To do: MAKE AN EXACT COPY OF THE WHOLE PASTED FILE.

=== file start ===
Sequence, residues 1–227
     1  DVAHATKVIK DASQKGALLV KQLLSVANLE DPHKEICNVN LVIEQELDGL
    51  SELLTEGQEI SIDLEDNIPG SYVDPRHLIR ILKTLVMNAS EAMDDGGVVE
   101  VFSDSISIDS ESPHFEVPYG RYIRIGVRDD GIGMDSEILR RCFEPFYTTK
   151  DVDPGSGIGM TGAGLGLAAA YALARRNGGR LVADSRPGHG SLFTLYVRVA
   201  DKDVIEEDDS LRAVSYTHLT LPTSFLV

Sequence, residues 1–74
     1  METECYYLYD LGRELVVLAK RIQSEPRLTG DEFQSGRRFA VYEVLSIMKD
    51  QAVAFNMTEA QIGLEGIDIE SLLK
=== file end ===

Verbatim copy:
Sequence, residues 1–227
     1  DVAHATKVIK DASQKGALLV KQLLSVANLE DPHKEICNVN LVIEQELDGL
    51  SELLTEGQEI SIDLEDNIPG SYVDPRHLIR ILKTLVMNAS EAMDDGGVVE
   101  VFSDSISIDS ESPHFEVPYG RYIRIGVRDD GIGMDSEILR RCFEPFYTTK
   151  DVDPGSGIGM TGAGLGLAAA YALARRNGGR LVADSRPGHG SLFTLYVRVA
   201  DKDVIEEDDS LRAVSYTHLT LPTSFLV

Sequence, residues 1–74
     1  METECYYLYD LGRELVVLAK RIQSEPRLTG DEFQSGRRFA VYEVLSIMKD
    51  QAVAFNMTEA QIGLEGIDIE SLLK